Transition planning and aging out is like worrying about time running out before crossing the finish line.
In March, 2016, the inaugural Chattanooga Marathon will happen. My brother is quite pleased to be designated as “Captain Cutoff.” Participants who fall behind his pace will be considered out of the race and will be cleared off the road so that roads can be reopened. For those people, their goal of completing that marathon will not be reached.
That is what came to mind as I was thinking of the issue of Transition Planning and Aging Out. For many students, reaching the age of 22 is like running out of time before reaching the finish line. The difference being, the people in the marathon can try again. They can keep working toward their goal and hopefully reach it next time. For students that have reached the age of 22, their public education is over. Unless those students are lucky enough to have families with extra resources, the period of making progress with functional academics is over.
During her last four years of public education, I was determined that was not going to happen to my Jess. Even though there had often been a lack of understanding of her communication disorder, and, she had been grossly underestimated because of standardized testing, I continued to emphasize that she was capable. I promoted my belief that she could continue to learn functional academics, that she had true potential for a real job, and that she could be a productive citizen. At the age of 18, considering we were on the home stretch, I was beginning to feel like time for big progress was running out.
Early in the school year, approval was given for Jess to have an Assistive Technology evaluation by Signal Centers. Jess was learning Braille, and had expressed an interest in learning to use a computer to e-mail friends and family. The purpose of the assessment was to determine the best way for Jess to learn to use a computer and what adaptations she would need.
The ongoing assessment started in December. The recommendations stated that Jess had good potential to learn to use a computer. Her Assessment Team decided that Jessica’s IEP team should
consider including the following technology in her school program.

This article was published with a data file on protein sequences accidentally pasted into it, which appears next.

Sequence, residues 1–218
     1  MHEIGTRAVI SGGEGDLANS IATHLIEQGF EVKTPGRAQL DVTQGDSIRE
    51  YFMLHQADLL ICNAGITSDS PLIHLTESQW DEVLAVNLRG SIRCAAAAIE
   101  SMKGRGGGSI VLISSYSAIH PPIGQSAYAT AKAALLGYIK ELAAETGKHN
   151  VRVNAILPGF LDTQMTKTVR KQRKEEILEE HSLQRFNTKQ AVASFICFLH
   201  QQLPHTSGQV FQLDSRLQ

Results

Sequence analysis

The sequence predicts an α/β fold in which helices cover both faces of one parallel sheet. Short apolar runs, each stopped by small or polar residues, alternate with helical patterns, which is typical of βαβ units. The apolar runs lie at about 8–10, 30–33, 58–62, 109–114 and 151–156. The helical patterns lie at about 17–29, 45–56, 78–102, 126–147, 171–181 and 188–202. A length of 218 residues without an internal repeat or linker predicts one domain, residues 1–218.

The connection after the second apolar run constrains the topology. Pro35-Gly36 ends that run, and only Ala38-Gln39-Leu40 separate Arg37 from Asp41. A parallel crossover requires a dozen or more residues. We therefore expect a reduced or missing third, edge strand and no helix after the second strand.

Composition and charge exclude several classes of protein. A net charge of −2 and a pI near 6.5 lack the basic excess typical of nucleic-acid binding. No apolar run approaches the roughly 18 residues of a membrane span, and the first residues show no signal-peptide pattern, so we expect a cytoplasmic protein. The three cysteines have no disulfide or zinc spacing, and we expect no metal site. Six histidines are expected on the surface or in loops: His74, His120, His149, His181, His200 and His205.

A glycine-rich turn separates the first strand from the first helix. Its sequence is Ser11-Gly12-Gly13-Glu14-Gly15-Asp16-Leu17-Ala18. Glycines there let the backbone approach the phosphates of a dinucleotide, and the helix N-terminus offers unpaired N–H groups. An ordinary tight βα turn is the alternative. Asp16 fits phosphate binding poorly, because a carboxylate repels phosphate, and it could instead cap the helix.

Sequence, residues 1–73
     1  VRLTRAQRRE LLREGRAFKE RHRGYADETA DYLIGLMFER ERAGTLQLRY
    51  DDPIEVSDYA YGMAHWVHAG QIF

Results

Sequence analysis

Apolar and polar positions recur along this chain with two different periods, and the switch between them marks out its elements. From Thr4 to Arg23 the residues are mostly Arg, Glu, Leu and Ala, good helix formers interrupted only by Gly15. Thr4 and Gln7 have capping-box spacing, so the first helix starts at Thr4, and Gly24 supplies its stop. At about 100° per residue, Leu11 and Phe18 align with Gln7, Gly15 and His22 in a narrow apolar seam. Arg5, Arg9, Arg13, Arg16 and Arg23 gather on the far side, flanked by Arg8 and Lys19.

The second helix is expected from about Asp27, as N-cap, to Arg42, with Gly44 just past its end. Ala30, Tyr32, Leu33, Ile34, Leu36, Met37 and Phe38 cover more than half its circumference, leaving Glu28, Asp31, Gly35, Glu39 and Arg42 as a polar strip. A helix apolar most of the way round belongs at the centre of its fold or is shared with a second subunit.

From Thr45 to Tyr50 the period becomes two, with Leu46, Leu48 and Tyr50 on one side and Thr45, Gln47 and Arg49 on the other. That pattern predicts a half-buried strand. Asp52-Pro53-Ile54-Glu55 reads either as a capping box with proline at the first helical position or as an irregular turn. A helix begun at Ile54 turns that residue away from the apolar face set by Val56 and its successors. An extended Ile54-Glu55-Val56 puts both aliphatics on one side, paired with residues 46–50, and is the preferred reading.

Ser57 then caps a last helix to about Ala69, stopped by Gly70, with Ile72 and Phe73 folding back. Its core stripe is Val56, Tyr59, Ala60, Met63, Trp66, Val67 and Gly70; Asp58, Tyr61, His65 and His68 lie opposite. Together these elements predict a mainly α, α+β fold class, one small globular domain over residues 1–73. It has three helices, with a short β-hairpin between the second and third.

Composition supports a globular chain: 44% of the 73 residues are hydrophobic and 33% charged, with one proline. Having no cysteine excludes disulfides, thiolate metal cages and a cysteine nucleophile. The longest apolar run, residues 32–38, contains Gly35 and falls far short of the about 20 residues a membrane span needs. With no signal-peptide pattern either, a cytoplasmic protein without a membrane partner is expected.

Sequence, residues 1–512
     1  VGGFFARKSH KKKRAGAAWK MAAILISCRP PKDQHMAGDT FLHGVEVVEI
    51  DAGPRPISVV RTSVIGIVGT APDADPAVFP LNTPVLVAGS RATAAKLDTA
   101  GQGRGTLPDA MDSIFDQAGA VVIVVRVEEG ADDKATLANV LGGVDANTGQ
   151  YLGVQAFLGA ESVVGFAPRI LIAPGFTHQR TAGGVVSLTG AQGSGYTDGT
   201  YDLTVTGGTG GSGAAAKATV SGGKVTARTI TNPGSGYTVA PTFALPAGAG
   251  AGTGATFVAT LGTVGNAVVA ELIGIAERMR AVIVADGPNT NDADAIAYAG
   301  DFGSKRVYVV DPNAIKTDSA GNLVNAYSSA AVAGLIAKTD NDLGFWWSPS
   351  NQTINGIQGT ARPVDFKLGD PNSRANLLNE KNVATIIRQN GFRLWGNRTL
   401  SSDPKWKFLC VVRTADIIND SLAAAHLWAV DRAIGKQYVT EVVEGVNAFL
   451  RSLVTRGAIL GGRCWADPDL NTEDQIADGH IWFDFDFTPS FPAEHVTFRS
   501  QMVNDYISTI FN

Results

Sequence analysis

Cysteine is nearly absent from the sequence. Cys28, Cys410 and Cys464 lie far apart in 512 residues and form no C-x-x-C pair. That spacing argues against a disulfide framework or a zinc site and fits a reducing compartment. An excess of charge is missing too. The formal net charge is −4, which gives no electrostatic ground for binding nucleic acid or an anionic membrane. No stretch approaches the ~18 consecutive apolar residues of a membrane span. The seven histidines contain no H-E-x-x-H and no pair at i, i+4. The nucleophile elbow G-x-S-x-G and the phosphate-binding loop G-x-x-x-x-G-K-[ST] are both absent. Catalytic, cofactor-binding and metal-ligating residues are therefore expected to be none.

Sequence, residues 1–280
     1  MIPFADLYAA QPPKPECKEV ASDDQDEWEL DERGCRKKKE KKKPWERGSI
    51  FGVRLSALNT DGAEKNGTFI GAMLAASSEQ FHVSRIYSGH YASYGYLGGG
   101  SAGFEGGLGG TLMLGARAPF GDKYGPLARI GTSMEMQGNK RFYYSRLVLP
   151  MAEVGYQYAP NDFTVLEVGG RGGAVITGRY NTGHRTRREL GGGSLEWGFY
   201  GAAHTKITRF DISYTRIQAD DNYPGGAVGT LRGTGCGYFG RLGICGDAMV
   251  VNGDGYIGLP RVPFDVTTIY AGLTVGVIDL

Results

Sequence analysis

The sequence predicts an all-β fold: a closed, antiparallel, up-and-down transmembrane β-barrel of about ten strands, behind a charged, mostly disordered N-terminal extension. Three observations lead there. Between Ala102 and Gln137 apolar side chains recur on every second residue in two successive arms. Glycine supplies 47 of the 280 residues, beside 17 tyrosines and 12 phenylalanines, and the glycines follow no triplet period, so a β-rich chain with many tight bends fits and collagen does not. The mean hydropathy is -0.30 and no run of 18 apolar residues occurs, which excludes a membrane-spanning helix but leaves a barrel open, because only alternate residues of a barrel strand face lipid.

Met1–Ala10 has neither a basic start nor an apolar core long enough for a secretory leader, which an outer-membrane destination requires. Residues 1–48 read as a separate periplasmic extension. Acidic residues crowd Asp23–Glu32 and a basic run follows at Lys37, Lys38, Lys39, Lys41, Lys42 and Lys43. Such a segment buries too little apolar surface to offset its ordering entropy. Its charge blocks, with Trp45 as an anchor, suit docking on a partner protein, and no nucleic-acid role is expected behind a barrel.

- JAWs Screen Reader Software
- Talking Typer Teacher software
- keycaps for Jessica’s home and school keyboards
- 21 inch monitor
In January, we got the JAWs program, typing software, and keyboard, for home and school. Individual programs were designed with Classroom Suite for Jess to work on learning the keys and her finger placement on her left hand to find the keys. She was able to use her right index finger when reminded. Some of the technical items were a challenge. In March, at home and at school we were still receiving ongoing guidance with the typing program.
In addition to the new computer and typing programs, Jess successfully continued her Braille instruction for reading and writing.
The other important area being focused on that same school year was vocation. I had resisted a vocational focus for years, but now was definitely the time to start adding that part into her program. Her community based vocational instruction started off at a restaurant. She learned to wipe tables and put them back in order, and to wrap and roll silverware. Most notes from the agenda say that she did well at work. She kept up that gig off and on for most of the school year.
Starting in November, she also occasionally worked at a bowling alley and liked it. Occasionally, she got to bowl after she finished her work. Sometimes her work was wiping tables, and sometimes it was caregiving in the form of helping the teacher with another student. She really enjoyed the caregiving and that would always be her first choice when given the option!
Really positive things were happening this school year. Jess was making progress in important areas. Very importantly, she was enjoying school! How could it be, then, that the majority of comments written in the agenda were not about Braille, reading, math, or vocation?
That would be because of emotions and learning how to cope with them. This tends to be a dominating factor with Jessica’s autism, and I explained in my previous posts, The Paralyzing Effect and Obsessed. Although she was enjoying a great school year, making new friends, and having academic and vocational success, there was a factor mixed in that was even more powerful which threatened to interfere with our race to the finish line.
to be continued…